I have recently published, with Simon Humphreys, a new paper on situated learning and teacher professional development in computing education, using Computing At School (CAS) as an example. This paper looks at situated learning and what it really means, and what Lave and Wenger (1991) meant by a community of practice. The term “community of practice” is used so often it has probably lost much of its original meaning, but we feel it is very important for teacher professional learning in computing – and has been at the root of the work of CAS for many years.
There are 100 free e-prints of this paper – to download one click here.
In the paper we draw on the original work of Lave and Wenger (1991) from their book: Situated learning theory maintains that there is a relationship between learning and the social situation in which it occurs; learning is embedded in activity, context and culture. In terms of professional learning for teachers this implies that effective learning takes place within a community where experts and novices meet and where practice is modelled; such a community needs to be deeply relevant to every day practice in the classroom. In the paper we discuss the continuity-displacement that takes place as communities evolve, and what newcomers and old-timers both bring as participants of the community.
Computing At School is a grass-roots organisation that has grown up over the last ten years through teacher communities, and also with broad support of academia and industry. Computing At School is a community of practice of all teachers affected by curriculum change in Computing, and models an innovative approach to professional learning that is based on community and support. In the paper we describe how Computing At School draws on situated learning theory to contribute to the development of Computing in the curriculum, evidencing both the journey and lessons learned. In this way a grass-roots organisation has been able to empower teachers and encourage local, peer-to-peer, face-to-face learning amongst teachers.
In England the Computing curriculum became mandatory (replacing ICT) in September 2014. This comprises three elements – computer science, IT and digital literacy. Most of the computer science element was new to the curriculum. In addition, the detail of the curriculum was being slimmed down. It was pretty tough for teachers to be landed with a new subject to teach with only a 2 or 3 page programme of study. When teachers of History – or other subjects – moved to the 2 or 3 programme of study in 2014 they had decades of teaching materials and experience to draw on when interpreting and delivering it. This was not the case for Computing, at least for the elements that differed from the previous ICT programme of study, and being in this situation drew teachers together to share resources, edit them, hold events to support each other and volunteer as master teachers and hub leaders within the emerging community of CAS. Bottom-up professional learning at its best. Of course not all teachers come across, or look for this community – so significant reach takes time.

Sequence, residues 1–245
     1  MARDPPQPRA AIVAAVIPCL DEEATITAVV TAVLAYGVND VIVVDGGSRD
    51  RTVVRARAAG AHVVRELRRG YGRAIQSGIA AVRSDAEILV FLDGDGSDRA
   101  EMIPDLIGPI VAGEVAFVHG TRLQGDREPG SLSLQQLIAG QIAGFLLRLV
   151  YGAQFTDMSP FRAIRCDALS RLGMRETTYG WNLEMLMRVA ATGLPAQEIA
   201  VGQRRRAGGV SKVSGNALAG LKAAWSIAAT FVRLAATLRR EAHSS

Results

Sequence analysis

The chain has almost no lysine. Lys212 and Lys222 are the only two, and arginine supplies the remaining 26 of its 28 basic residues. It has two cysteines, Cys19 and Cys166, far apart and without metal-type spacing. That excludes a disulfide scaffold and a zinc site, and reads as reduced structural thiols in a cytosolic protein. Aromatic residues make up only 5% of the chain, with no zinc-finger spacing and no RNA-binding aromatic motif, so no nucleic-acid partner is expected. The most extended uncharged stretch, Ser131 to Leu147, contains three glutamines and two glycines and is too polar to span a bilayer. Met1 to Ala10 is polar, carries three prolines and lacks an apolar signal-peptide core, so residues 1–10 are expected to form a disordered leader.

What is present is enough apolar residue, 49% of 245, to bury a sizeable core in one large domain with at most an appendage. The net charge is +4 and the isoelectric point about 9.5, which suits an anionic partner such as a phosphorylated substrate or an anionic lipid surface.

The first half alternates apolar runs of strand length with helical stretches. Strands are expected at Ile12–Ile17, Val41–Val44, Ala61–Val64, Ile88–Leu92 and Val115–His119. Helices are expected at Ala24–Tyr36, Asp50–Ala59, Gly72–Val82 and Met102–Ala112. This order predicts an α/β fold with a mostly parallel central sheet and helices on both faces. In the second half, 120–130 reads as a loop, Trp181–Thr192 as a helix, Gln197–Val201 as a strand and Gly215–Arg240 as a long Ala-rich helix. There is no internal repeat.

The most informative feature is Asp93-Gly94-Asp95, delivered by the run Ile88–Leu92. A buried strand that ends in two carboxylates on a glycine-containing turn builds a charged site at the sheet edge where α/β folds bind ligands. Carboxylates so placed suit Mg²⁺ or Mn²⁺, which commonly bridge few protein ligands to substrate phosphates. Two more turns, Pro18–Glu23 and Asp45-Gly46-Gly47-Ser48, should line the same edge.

We have spoken about CAS in many countries over the last five years, and talked to many colleagues hoping to emulate the way that CAS has worked and set up something similar in their own situation. Internationally it seems to be recognised that empowering and involving teachers is an effective way to gain and keep support for curriculum change. Teachers have struggled however to choose the right resources, to go on enough courses, to work through new materials, to keep up with the ever-increasing demands on the curriculum. In England, we don’t use the approach of “the” textbook, containing one way of teaching, and that all teachers should use, believing that teachers will learn from teaching this material in this way – teachers choose their own resources and adapt to their own learner. To facilitate this we need to give teachers time out of the classroom to develop their own skills and knowledge, to develop new, and adapt existing, resources, to work with colleagues, and to gain confidence in their own subject knowledge and pedagogical content knowledge (how to teach the subject). Drawing on communities of practice is a pretty effective way to do this, and situated learning describes the way that these communities evolve and develop effectively over time.
I am continuing to look at how sociocultural theory in general impacts computing education – in classroom practice, and the way we learn programming (new paper coming out on PRIMM soon, I hope). In school the many issues around the learning of computing may be better illuminated through a social learning lens.